Brothers fulfill dream of swimming for BYU, continue father’s legacy

Brothers Tanner (left) and Emerson (right) Edwards pose in their swim caps and goggles. The brothers swim together on the BYU swim team. (BYU Photo)

Brothers Emerson and Tanner Edwards are living their shared childhood dream — competing on the BYU swim team together.

The brothers, hailing from Columbia, South Carolina, competed at the Big 12 Conference Championships February 27-March 2. Emerson, a junior in the human resources program, placed fifth in both the 100 and 200 breaststroke events. Tanner, a freshman in the business school, took fourth in the 100 butterfly and seventh in the 100 backstroke events. The brothers will head to Indianapolis at the end of March to compete in the NCAA swimming championships.

“Me and (Tanner) swimming at BYU together was a dream … and now that we’re here and about to head out to nationals, it’s crazy,” Emerson said.

Emerson and Tanner said they began swimming when they were toddlers, largely due to their dad’s swimming career. 

Tanner (left) and Emerson (right) Edwards pose with their dad Heath Edwards at the pool. Tanner and Emerson now swim for BYU’s swim team. (Emerson Edwards)

Heath Edwards, their father, attended the University of Georgia on a full-ride swimming scholarship where he was a 13-time All-American swimmer. He qualified for and competed in the 1996 Olympic trials and qualified again for the 2000 Olympic trials.

Heath said the brothers started coming to the pool when they were young as a way for him to spend time with them even when he was busy coaching. Heath continued as their swim coach into their high school years, which he said allowed them unique, intimate time together.

“The sport of swimming … has allowed us to build that family chemistry, that family trust,” Heath said.

Emerson and Tanner agreed having their dad as a coach positively affected their relationships with him.

“My dad was really good at balancing being my dad and being my coach at the same time,” Emerson said.

The brothers are now swimming together collegiately for the first time.

“For the first time in their career, I’m really nervous. I have no control over how they perform … I’ve never experienced that as a parent because I’ve always been intimately involved and on deck with them,” Heath said.

All three Edwards men said swimming requires hard work. Emerson said he and Tanner would go to the pool at 4 a.m. in high school to practice before early morning seminary.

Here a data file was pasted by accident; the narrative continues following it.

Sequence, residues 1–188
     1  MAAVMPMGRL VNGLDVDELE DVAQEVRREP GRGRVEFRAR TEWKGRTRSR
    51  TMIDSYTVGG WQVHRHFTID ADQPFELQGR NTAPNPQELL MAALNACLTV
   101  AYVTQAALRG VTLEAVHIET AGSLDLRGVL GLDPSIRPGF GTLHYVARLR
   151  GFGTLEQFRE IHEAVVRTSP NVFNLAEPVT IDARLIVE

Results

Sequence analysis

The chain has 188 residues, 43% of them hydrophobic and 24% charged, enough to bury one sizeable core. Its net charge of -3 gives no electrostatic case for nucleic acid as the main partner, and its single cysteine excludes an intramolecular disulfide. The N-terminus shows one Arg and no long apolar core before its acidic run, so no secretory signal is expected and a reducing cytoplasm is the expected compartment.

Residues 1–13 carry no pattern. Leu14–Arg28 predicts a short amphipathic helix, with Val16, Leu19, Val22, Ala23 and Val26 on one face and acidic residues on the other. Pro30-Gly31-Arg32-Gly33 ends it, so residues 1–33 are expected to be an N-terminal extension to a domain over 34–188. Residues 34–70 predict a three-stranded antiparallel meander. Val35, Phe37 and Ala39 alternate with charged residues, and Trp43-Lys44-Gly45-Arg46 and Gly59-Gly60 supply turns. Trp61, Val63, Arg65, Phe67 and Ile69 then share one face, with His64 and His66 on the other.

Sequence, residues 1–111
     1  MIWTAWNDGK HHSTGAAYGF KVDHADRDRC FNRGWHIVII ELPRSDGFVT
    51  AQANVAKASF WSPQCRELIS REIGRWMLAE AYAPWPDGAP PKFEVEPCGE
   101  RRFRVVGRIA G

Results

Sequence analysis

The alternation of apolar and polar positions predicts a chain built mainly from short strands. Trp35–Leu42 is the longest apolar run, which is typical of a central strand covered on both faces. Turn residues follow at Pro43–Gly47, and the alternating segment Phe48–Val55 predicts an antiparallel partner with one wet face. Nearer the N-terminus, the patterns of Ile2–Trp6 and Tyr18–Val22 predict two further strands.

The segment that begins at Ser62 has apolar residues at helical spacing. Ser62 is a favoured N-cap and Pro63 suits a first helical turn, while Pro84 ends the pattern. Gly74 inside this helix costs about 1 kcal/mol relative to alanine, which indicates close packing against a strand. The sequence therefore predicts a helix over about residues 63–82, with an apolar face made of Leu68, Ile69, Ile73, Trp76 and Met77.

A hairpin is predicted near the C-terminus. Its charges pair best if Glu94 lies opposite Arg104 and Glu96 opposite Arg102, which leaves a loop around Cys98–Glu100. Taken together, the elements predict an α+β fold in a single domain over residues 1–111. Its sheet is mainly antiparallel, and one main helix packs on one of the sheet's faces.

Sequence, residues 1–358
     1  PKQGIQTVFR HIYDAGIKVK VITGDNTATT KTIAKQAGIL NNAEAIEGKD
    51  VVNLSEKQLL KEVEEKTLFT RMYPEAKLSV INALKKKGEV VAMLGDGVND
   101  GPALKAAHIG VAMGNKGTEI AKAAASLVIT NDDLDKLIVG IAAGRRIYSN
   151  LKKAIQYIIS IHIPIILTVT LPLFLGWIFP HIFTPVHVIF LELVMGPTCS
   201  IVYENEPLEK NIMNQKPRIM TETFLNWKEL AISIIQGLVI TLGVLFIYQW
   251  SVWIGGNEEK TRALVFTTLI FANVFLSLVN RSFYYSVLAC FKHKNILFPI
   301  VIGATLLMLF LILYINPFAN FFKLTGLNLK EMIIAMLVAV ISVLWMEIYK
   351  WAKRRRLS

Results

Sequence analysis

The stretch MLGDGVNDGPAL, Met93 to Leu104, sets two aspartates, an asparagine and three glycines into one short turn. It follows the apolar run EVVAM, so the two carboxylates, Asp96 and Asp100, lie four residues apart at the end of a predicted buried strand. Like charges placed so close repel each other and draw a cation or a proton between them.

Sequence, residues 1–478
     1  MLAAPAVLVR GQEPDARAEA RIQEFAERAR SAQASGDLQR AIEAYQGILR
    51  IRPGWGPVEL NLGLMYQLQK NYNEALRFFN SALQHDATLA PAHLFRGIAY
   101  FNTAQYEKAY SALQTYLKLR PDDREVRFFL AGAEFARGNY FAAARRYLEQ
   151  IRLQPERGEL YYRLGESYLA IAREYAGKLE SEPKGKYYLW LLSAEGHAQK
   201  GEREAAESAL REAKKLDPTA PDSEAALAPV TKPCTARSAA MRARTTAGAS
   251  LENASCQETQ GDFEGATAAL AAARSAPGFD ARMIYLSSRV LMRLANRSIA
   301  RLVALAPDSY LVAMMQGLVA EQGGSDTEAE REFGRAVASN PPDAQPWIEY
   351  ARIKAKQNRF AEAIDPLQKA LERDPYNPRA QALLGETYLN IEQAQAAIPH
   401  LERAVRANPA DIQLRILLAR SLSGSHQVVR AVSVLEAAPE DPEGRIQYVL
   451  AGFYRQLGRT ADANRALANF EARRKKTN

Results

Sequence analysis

“A lot of people, they see the end results, they see me and Tanner on the podium … but what people don’t see is just the years and years of hard work and effort it took to be in that one moment,” Emerson said. “We did that with the big picture in mind of swimming together at BYU one day.”

Tanner and Emerson Edwards with their family decked out in BYU blue. Tanner and Emerson’s swim careers were inspired by their dad, Heath Edwards. (Tanner Edwards)

Besides hard work, the Edwards’ acknowledged God has played a large part in their swimming careers. 

“We just tell them to work their tail off and have faith in God … He cares about the intimate details in their lives, and if those details include swimming goals, as long as they’re willing to share God’s glory, the Lord’s gonna bless them,” Heath said.

Tanner said he especially received help from God as he returned to swimming after his mission. 

“Getting back in shape after not swimming for two years is one of the hardest things I’ve ever done in my life,” Tanner said.

Tanner said it took roughly eight months to get back into swimming shape. He believes Heavenly Father helped him in the process because of the sacrifices he made during his mission.

Emerson and Tanner noted there is a healthy amount of sibling rivalry in their relationship with each other. 

“That boy’s my best friend but sometimes I hate the crap out of that kid … like a good competitive, I wanna beat you kind of thing,” Emerson said. 

Tanner added there is always a boundary of respect even in their competitions.

“We fight like brothers but we’d die for each other,” Tanner said. “Everything I’ve learned came from him.”

Heath became emotional while describing Emerson’s role as the oldest brother, saying Emerson paved the way for Tanner and their youngest brother, Sawyer.

“I don’t think that Tanner would be the swimmer he is today or the person he is today … without Emerson being his older brother and leading the way,” Heath said.

Emerson said one of his favorite experiences with Tanner at BYU has been setting two pool records at the University of Denver for the 200 and 400 medley relays.

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